My much better half is a hugger. It’s what I like least about her. She hugs folks she knows only slightly or even not at all.
These embraces, tight and sincere, are famously non-discriminatory. She hugs the postal guy, the lawn guy, the pool guy, the cable TV guy, the JC Penny saleswoman who alerted her to the sales loophole offering an extra 10 percent off window coverings. No kind deed goes without a warm embrace from this woman.
This problem isn’t hers. It’s mine.
I am, and have always been, an anti-hugger, one of those stiffs who lurks awkwardly in the background as folks swing arms around one another when coming or going. I’m the dude who arrives late to shun the collective embraces and leaves early to avoid the inevitable goodbye hugapalooza.
Thing is, when the Much Better Half hugs, standing there, as if next in line, I’m expected to follow suit. I usually do, though tentatively, awkwardly, painfully.
Which explains why this whole coronavirus thing is a rather odd, ironic twist: The Much Better Half has been stripped of her hugability.
At first it seemed like a revelation. Now I’m not so sure.
When Mayor Jeff Williams instituted this whole Kindness Initiative a while back, calling on residents to perform random acts of kindness, I was all in, as long as it didn’t include hugging. While reporting on the story, I remember asking Williams whether I could be kind without actually hugging someone. I was joking – kind of. He looked a bit dumbfounded. I changed the subject.
Driving around Arlington the other day, passing by The Parks Mall, snaking through The Highlands and ending up at Costco in search of toilet paper (can’t find any), I notice the panic and worry in people’s faces and wonder what a great time to think about kindness.
Especially when it came to taking fewer pallets of toilet paper so others can have their share.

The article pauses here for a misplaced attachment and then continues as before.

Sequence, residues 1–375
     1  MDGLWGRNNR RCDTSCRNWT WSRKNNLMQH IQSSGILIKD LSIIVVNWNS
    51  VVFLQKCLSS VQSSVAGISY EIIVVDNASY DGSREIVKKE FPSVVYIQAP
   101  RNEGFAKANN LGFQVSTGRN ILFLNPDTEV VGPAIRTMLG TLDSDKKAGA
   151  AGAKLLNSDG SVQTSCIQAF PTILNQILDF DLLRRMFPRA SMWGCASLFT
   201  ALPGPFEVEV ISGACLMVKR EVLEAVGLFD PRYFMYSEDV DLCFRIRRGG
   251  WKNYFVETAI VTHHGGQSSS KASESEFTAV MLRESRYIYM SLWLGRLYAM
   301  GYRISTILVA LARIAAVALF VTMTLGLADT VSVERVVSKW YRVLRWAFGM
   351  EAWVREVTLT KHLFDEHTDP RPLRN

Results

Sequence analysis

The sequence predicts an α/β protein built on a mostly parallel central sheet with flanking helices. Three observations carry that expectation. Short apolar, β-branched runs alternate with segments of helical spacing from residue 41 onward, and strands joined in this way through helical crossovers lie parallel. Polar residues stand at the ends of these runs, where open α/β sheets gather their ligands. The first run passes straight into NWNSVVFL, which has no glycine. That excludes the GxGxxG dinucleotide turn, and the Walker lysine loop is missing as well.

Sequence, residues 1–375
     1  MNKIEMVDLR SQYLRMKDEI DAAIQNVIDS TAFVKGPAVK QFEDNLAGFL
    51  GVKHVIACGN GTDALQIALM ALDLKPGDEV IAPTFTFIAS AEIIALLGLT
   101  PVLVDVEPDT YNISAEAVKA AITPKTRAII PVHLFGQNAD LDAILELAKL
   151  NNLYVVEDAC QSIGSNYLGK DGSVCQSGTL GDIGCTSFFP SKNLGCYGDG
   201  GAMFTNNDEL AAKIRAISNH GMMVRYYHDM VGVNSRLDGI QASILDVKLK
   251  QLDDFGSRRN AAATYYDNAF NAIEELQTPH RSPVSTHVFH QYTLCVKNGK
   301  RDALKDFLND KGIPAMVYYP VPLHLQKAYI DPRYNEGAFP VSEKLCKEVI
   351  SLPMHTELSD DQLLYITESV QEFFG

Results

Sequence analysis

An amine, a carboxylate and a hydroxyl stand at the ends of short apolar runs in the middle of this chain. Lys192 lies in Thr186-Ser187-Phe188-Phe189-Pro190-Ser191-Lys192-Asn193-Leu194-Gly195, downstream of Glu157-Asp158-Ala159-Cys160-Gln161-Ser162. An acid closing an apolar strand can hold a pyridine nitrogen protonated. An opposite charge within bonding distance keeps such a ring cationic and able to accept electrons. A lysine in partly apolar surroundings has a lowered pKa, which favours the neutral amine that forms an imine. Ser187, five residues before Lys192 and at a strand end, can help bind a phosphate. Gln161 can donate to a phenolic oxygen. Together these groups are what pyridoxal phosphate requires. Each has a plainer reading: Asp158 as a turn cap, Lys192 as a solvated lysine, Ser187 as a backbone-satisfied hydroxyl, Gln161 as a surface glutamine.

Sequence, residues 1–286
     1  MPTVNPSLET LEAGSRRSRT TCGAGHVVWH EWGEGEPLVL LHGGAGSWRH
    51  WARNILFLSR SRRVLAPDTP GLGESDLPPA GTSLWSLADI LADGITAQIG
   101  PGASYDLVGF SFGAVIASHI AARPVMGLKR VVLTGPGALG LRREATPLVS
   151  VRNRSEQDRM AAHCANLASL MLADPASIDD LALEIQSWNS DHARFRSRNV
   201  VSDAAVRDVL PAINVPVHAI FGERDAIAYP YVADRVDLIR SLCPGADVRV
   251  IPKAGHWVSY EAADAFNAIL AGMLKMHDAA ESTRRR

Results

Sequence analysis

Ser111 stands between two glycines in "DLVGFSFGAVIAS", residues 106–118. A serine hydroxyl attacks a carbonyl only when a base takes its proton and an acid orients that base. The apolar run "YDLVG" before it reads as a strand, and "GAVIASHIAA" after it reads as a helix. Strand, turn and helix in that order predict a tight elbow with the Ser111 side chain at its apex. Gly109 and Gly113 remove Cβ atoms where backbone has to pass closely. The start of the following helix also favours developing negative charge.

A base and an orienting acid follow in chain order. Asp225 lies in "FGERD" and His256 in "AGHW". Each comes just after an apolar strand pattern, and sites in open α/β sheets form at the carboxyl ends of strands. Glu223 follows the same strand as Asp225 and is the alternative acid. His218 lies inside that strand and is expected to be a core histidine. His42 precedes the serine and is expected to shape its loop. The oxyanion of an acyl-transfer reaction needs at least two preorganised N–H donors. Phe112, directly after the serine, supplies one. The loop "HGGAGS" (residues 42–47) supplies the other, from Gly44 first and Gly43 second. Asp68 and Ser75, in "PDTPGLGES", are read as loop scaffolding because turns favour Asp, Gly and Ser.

At the McDonald’s on the corner of Cooper and Pioneer, I ask a 30-ish woman in a power suit and high heels whether not being hugged bothers her. She thinks about it for a bit, and then says, “I’m not much of a hugger so I don’t know if it’s that big of a deal. But my sister hugs people all the time. It’s like she’s addicted. (I tell her I feel her pain) So for her, she’s about ready to jump off a bridge, probably.”
One of the McDonald’s workers sweeping up around us gets in on the conversation, saying what we need now more than ever is that hug, a sincere embrace that tells someone “I care.”
We joke that in our new world of social distancing it’s impossible to hug standing six feet apart. Yet we need it, even when anti-huggers like me find it excruciating.
That’s because we need human touch, or what a psychologist friend of mine calls “skin hunger.” She tells me this term is based on actual research studies showing how touch – particularly hugs – is able to communicate a wide range of emotions and is considered a vital social tool. “It even reduces your levels of stress hormone cortisol,” she says.
High levels of stress hormone cortisol means anxiety, low energy and even depression. I looked it up.
So what does that mean now for a society that can’t touch? There’s a moment in most churches where parishioners are asked to “greet your neighbor,” with a handshake or (yikes) a hug.
At New Life Fellowship, where I attend, we went from hugging one Sunday to waiving the next to meeting via streaming as big gatherings were being discouraged.
“We can’t do the things we normally do,” Senior Pastor Dr. Maurice Pugh tells us, by teleconference, no less. “This is hard. We can’t hug and touch hands.”
We can’t. It is hard. Even for an anti-hugger like me.